Overview

Overview

If you have ever read a history book, and wondered why this or that event occurred as it did and felt frustrated because the writer either did not address this question or seemed unconvincing, then psychohistory might be for you. Traditional modes of historical explanation tend to emphasize political, social, economic, cultural, or intellectual motivations for events & actions. These are fine as far as they go, but how well do they really explain why humans behave in a given way in a given event? In psychohistory we are always mindful that history is made by men & women evolving from the past into the present on their way to the future. Psychohistorians ask why men/women behave as they do in history, thus we are always drawn back to the role of individuals especially in childhood emotional patterns. Also we look at shared emotion & fantasy as major explanatory factors in history, just as they influence our present lives. The more traditional fields tend to ignore or downplay this aspect of human history. We have been accused of being reductionistic by some, this is not true; rather we believe and know that we are paying attention to the real basics. Of necessity, ours is an interdisciplinary field. It would be a mistake to assume that we seek to replace or usurp the findings of more traditional disciplines. Quite the contrary, we use the insights of many fields to build from, we could not exist without what has gone before.

We may define psychohistory as the interdisciplinary study of why man has acted the way he has in history, prominently utilizing psychoanalytic principles.

As of yet there are no formal training programs for psychohistorians, Courses are taught here and there by such scholars as Peter Loewenberg, David Beisel, Paul Elovitz, Frederick Harling, Charles Strozier, and a few others. Thus, psychohistorians are essentially self-taught, which is one reason why a group such as IPA can be important for the growth of the field. Further information will be posted on our Web Site, as it becomes available. Ideally, the psychohistorian should be trained in both history and psychoanalysis. Most of us are usually trained in one or the other but many have no formal training in either area. Thus, psychohistorical scholarship is somewhat uneven in quality and quite eclectic in character. However, our work is seldom dull and often provocative.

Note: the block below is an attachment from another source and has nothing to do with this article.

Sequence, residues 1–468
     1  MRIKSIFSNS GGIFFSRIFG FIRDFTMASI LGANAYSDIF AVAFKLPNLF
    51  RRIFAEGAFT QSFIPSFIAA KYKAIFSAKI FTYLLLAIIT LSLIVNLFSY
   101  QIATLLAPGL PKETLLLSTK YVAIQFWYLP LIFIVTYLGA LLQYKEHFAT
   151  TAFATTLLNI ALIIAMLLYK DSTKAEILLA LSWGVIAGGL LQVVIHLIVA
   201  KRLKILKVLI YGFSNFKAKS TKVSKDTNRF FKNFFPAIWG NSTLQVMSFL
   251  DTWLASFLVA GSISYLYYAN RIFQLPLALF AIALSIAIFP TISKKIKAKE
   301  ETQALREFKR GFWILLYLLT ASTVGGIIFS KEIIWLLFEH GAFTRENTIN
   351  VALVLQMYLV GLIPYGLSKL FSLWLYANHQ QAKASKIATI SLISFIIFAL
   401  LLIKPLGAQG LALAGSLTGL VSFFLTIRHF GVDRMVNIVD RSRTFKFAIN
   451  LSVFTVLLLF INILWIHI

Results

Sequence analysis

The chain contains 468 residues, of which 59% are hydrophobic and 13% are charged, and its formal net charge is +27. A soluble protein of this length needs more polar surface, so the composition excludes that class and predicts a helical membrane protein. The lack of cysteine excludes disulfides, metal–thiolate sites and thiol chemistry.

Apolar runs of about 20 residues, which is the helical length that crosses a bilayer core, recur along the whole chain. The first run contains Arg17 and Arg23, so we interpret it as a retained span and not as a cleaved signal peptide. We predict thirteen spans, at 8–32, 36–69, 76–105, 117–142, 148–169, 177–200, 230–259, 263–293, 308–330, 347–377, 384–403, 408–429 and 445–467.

Not everyone can or should aspire to be a psychohistorian. You should feel comfortable going beyond disciplinary boundaries. You need a certain amount of extra imagination to ferret out the unusual source or find information in unexpected places. You should not be afraid of new ideas, nor should you be afraid to use your feelings in the service of understanding. You need to have a well-developed sense of curiosity. Psychohistorians are not special people, we are fallible just like anyone else, but we do share an abiding desire to want to know why, always why….

There are three inter-related areas of psychohistorical study.

1. History of Childhood:
Here we look at such questions as how have children been raised throughout history, how has the family been constituted, how & why has it changed over time, the place & value of children in society over time, how & why our views of child abuse and neglect have changed, why there is still such denial about the reality of child abuse, etc. We pay such attention to childhood because it is there that much of the groundwork for our future emotional development is created. Thus, if we are to understand our emotional development, how & why it has changed over time, we need to better comprehend the history of childhood.

2. Psychobiography:
Here we seek to understand individual historical people and their motivations in history. This is not as simple as it may sound. Psychobiography involves understanding a person’s emotional growth, their personal, family, and societal relations, the time in which the person lives, and how all of these interact to allow the person to have an effect on history. Generally, this sort of scholarship cannot be done without very detailed personal data; hence it is more likely that the best subject is a recent historical figure. Psychobiography is perhaps the most visible form of psychohistorical scholarship. It can be especially open to misuse because scholars may find themselves unduly tempted to brand their subject as more evil or pathological than they might have actually been. A good example of this sort of problem is Richard Nixon.

3. Group Psychohistory:
This is perhaps the most radical & anxiety provoking form of psychohistorical scholarship. Here we study and seek to understand the motivations of large groups in history. Like individuals, groups are also driven by emotions and fantasies. There is no group mind, separate from the individual members, rather groups are motivated by members all having feelings and fantasies that are broadly the same, in other words shared. It is a common truism that we will do things in groups that we would never dream of doing as individuals, this is one thing that can make the effort to understand group’s underlying emotion and fantasy so scary. But this work is also on the forefront of psychohistorical scholarship. Thus it can be very exciting.

If all this appeals to you, you might want to join us. We hope that you will view the rest of our site and welcome your feedback, involvement and support. There is still a great deal left to do. Be part of one of the great adventures still open to modern scholars!

Please go to the following pages to learn more about psychohistory, IPA and how to join. We look forward to hearing from you.